Confusing? Not really
If you’ve ever been on the internet, you’ve noticed that some things are popular, and other things aren’t. The popular ones have something in common. It’s not quality, or importance, or accuracy, but novelty.
The effect of all this, day after day, year after year, is a perception that all kinds of contradictory evidence is coming up every day—and that each bit is roughly equally valid.
Of course, it’s not. Eating in ways that are good for our bodies isn’t conceptually complicated. It’s complicated by money and time and access—but eating based on scientific findings is not. Though recently you might have heard otherwise. There is new news about dietary health, and that news is more important than the typical weekly nutrition news.
Through the WI Lens
There are so many nutrition fads promoted in an endless quest to upend conventional wisdom that it’s easy to get lost when trying to understand what healthy eating is. The reason is this: when measuring diet, lifelong randomized, controlled trials are virtually impossible. The MD / senior editor of The Atlantic sets the record straight by making a simple but potent point: the science of healthy eating appears confusing, but in reality it is not. Study after study have led to a general and basic agreement among scientists and researchers: diverse, naturally high-fiber, minimally processed foods and mostly plants is what we need. Eating fat is important, but like other types of macronutrients it is “good in moderation, bad in scarcity and probably bad in overexposure”. Our take is this: the restaurants and resorts that adopt and promote menus exclusively based on fads and / or fashion (like “vegan restaurants taking over America” according to a recent article), won’t last.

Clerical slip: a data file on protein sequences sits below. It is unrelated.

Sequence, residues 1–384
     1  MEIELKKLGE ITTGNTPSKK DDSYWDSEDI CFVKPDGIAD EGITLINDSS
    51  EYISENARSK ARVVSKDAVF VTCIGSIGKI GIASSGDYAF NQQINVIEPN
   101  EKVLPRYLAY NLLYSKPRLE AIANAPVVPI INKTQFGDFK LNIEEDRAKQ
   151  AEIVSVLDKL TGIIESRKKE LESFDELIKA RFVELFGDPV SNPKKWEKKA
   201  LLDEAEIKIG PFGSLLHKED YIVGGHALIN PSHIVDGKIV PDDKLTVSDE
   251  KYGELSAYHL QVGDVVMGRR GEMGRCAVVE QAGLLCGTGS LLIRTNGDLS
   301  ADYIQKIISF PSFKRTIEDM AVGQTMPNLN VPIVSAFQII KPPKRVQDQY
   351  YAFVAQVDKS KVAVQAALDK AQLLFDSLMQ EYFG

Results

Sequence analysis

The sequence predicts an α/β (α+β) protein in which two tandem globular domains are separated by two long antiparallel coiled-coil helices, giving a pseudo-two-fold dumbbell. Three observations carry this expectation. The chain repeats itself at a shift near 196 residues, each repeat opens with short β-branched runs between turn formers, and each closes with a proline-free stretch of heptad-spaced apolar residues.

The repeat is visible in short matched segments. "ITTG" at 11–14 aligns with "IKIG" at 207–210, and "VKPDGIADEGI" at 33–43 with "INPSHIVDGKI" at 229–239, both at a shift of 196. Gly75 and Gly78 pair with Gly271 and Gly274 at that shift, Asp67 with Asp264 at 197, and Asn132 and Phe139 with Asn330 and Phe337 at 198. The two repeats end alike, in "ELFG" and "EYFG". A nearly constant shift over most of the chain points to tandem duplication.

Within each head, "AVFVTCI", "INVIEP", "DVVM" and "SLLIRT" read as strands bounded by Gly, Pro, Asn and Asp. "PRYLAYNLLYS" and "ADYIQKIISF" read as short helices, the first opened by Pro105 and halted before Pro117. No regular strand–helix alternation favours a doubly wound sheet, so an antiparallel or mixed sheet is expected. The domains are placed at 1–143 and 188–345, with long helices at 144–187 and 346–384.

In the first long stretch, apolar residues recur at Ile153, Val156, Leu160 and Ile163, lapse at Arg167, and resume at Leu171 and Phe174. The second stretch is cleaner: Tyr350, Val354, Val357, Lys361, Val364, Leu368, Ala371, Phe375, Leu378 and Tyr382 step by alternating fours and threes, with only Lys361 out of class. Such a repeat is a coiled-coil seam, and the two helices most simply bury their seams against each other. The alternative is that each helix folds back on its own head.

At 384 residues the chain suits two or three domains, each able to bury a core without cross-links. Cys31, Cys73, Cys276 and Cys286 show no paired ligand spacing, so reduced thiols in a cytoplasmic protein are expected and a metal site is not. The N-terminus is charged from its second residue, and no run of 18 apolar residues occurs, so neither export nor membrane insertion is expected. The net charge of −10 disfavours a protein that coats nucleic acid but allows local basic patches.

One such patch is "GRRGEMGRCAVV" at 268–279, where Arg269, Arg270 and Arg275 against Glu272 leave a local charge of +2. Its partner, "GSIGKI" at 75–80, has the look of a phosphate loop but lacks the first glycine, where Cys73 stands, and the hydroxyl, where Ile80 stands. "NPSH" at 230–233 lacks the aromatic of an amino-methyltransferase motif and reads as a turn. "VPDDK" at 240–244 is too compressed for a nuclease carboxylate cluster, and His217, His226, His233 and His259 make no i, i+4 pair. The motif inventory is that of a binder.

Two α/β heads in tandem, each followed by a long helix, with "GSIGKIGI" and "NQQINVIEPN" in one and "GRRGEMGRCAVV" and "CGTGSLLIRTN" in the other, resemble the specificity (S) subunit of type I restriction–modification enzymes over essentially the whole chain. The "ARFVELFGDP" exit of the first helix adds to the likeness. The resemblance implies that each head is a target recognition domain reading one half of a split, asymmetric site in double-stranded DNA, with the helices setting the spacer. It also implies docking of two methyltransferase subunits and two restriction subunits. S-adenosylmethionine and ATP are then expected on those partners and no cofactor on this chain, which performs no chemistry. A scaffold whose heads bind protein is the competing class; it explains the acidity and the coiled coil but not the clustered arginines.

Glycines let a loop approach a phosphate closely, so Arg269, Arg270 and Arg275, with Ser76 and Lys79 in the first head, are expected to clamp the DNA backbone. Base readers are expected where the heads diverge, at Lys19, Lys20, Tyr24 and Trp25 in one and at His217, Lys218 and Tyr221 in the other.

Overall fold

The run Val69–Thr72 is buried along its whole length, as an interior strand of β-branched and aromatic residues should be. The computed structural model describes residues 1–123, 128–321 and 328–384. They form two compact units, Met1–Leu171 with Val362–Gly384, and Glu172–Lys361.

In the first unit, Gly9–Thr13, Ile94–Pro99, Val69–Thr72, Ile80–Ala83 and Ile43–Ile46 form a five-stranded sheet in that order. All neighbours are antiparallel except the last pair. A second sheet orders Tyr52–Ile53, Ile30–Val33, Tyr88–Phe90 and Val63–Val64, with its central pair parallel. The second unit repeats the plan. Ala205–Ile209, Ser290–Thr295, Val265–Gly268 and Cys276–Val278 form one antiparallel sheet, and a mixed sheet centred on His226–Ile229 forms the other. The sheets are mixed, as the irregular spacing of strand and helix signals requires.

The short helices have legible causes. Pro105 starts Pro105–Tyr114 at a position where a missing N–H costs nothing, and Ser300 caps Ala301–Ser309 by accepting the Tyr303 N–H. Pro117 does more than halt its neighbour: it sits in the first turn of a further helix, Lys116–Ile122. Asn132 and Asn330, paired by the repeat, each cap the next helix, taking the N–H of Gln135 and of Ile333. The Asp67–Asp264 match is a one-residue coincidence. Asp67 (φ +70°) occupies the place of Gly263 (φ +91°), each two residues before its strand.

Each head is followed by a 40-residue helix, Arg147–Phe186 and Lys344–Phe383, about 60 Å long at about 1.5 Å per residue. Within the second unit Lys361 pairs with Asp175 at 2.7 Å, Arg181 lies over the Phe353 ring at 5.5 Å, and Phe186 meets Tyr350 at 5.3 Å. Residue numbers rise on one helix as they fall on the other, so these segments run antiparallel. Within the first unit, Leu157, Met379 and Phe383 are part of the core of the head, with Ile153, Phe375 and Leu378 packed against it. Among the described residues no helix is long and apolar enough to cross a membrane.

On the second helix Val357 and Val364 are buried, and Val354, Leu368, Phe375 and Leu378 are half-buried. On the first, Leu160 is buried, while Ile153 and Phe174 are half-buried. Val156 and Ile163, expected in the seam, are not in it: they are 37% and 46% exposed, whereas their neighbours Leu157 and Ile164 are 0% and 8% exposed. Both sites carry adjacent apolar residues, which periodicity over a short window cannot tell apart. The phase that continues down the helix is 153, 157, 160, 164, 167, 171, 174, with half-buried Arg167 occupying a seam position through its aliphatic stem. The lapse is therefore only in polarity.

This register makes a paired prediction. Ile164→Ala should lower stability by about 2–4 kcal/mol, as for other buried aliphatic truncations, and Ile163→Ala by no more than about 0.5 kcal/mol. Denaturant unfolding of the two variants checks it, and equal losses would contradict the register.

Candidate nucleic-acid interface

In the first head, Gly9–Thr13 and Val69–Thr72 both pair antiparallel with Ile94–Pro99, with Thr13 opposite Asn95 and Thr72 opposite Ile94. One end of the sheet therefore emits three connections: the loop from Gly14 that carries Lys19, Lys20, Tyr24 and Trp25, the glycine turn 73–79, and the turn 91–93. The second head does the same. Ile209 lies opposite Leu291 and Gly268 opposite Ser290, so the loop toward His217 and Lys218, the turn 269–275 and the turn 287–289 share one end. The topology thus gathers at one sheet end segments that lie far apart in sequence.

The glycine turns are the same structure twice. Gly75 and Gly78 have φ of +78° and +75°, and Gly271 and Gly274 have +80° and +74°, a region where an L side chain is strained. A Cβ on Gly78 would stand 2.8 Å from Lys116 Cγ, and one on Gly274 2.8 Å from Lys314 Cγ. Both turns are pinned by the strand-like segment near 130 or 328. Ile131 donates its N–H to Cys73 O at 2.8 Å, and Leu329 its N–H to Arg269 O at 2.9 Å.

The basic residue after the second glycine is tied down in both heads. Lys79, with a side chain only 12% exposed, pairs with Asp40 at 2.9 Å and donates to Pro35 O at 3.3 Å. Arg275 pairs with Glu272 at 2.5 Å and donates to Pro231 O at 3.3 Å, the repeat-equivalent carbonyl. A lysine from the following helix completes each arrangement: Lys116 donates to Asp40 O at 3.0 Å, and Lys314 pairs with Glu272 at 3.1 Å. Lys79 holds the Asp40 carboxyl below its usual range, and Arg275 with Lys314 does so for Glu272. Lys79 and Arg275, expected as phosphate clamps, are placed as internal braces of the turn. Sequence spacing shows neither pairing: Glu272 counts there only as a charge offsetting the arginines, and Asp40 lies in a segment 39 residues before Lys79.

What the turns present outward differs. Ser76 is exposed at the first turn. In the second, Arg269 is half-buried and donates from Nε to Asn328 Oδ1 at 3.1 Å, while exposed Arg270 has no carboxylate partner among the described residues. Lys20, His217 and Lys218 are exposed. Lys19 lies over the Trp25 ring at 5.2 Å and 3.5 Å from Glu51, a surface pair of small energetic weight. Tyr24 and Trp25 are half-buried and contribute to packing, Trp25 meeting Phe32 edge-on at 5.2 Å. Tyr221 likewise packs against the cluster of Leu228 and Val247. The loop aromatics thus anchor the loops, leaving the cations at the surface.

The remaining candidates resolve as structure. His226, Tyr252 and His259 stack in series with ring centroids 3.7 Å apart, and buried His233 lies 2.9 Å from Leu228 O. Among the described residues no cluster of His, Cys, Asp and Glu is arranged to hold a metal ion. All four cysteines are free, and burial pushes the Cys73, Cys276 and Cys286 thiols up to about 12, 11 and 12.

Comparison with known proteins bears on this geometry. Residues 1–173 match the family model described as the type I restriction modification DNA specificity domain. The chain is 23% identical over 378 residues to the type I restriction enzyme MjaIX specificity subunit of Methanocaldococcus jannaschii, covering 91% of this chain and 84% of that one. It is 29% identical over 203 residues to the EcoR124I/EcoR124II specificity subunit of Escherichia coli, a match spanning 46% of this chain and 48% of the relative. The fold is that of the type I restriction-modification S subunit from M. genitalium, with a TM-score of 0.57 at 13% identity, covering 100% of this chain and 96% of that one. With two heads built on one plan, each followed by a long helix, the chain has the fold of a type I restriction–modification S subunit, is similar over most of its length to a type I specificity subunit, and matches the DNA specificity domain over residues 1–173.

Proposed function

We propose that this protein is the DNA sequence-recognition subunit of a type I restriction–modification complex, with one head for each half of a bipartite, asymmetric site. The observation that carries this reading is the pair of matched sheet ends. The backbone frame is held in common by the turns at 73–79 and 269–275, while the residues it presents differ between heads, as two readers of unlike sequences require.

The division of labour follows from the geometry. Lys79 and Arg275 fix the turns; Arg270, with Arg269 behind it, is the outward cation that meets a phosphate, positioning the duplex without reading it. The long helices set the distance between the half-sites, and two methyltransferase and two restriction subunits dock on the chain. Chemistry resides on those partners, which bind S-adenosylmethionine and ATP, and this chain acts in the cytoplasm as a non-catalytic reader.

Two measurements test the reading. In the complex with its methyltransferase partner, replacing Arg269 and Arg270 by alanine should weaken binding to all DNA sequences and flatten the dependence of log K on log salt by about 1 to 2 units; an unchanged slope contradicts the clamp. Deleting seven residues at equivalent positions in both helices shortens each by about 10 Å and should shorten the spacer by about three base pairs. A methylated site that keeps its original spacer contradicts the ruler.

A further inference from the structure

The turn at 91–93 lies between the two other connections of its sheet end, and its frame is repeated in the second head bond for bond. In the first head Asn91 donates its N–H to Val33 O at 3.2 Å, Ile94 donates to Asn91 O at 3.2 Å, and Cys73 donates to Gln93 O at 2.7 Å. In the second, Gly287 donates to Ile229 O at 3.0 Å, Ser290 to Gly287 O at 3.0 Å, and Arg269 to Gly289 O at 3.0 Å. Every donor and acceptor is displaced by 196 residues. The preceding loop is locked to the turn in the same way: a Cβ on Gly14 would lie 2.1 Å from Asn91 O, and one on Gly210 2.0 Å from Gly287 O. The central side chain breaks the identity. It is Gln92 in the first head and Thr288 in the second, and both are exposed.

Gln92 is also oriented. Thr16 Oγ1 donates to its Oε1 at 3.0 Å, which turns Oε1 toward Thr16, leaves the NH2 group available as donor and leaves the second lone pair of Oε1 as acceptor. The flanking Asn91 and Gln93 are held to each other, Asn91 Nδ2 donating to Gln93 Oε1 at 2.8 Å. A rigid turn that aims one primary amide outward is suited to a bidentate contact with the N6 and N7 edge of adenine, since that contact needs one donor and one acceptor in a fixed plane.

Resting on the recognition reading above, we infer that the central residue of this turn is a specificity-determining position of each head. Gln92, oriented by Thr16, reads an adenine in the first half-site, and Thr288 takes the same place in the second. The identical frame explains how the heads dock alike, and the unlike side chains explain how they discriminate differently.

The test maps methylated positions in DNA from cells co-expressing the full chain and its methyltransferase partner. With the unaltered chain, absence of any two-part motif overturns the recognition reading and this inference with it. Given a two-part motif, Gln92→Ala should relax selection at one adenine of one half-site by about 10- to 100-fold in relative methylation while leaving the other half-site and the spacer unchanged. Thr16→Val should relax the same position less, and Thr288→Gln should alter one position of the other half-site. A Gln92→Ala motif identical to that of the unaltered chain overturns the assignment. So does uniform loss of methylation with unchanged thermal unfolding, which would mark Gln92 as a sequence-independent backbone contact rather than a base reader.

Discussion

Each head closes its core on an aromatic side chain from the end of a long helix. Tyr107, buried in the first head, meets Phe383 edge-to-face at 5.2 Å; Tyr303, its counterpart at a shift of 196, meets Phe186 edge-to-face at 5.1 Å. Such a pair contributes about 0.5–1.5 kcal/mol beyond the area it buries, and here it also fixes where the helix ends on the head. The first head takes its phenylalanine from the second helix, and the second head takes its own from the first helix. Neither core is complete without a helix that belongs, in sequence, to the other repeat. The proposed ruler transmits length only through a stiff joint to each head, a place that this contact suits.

Could Therapy Be Key To Treating Your IBS? – Huffington Post, 11 April 2019, Natasha Hinde
Sitting down for too long may be causing 70,000 UK deaths a year – The Guardian, 26 March 2019, Nicola Davis
Human Contact Is Now a Luxury Good – New York Times, 23 March 2019, Nellie Bowles
Americans Are Going Bankrupt From Getting Sick, The Atlantic, 15 March 2019, Olga Khazan
Why the future of well-being isn’t about money www.weforum.org, 26 Feb 2019, Justin Dupuis
With bread’s return to favor in the wellness world, consumers are ritualizing the baking process as an opportunity to slow down. JWT Intelligence, 28 February 2019, Emily Safian-Demers
Ikea’s new curtains purify the air inside your house – Fast Company, 20 Feb 2019, Jesus Diaz
Insectageddon – Politicians are complicit in the killing of our insects – we will be next – Guardian 12 February 2019 – Molly Scott Cato
Goop Enters Netflix Deal: Has Pseudoscience Found A New Platform? Forbes, 9 Feb 2019, Bruce Y. Lee
5 ways work culture will change by 2030, Fast Company, February 4th 2019 Gwen Moran